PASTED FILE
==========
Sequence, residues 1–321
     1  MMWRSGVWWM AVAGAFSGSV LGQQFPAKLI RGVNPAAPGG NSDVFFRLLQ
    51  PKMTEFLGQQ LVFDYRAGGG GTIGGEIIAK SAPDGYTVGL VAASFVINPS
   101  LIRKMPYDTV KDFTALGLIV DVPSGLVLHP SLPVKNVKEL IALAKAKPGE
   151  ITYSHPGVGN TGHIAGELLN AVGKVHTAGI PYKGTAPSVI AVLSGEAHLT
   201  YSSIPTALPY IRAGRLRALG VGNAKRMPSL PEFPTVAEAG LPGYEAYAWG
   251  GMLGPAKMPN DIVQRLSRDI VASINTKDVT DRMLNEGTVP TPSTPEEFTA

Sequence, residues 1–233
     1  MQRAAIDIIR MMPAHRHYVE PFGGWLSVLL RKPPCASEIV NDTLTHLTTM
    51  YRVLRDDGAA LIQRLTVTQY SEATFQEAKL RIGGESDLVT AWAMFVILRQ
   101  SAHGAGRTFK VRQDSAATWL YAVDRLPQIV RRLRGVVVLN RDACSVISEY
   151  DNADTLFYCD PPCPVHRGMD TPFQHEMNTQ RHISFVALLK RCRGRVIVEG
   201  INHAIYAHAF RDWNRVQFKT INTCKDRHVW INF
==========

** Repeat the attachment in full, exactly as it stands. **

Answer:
Sequence, residues 1–321
     1  MMWRSGVWWM AVAGAFSGSV LGQQFPAKLI RGVNPAAPGG NSDVFFRLLQ
    51  PKMTEFLGQQ LVFDYRAGGG GTIGGEIIAK SAPDGYTVGL VAASFVINPS
   101  LIRKMPYDTV KDFTALGLIV DVPSGLVLHP SLPVKNVKEL IALAKAKPGE
   151  ITYSHPGVGN TGHIAGELLN AVGKVHTAGI PYKGTAPSVI AVLSGEAHLT
   201  YSSIPTALPY IRAGRLRALG VGNAKRMPSL PEFPTVAEAG LPGYEAYAWG
   251  GMLGPAKMPN DIVQRLSRDI VASINTKDVT DRMLNEGTVP TPSTPEEFTA

Sequence, residues 1–233
     1  MQRAAIDIIR MMPAHRHYVE PFGGWLSVLL RKPPCASEIV NDTLTHLTTM
    51  YRVLRDDGAA LIQRLTVTQY SEATFQEAKL RIGGESDLVT AWAMFVILRQ
   101  SAHGAGRTFK VRQDSAATWL YAVDRLPQIV RRLRGVVVLN RDACSVISEY
   151  DNADTLFYCD PPCPVHRGMD TPFQHEMNTQ RHISFVALLK RCRGRVIVEG
   201  INHAIYAHAF RDWNRVQFKT INTCKDRHVW INF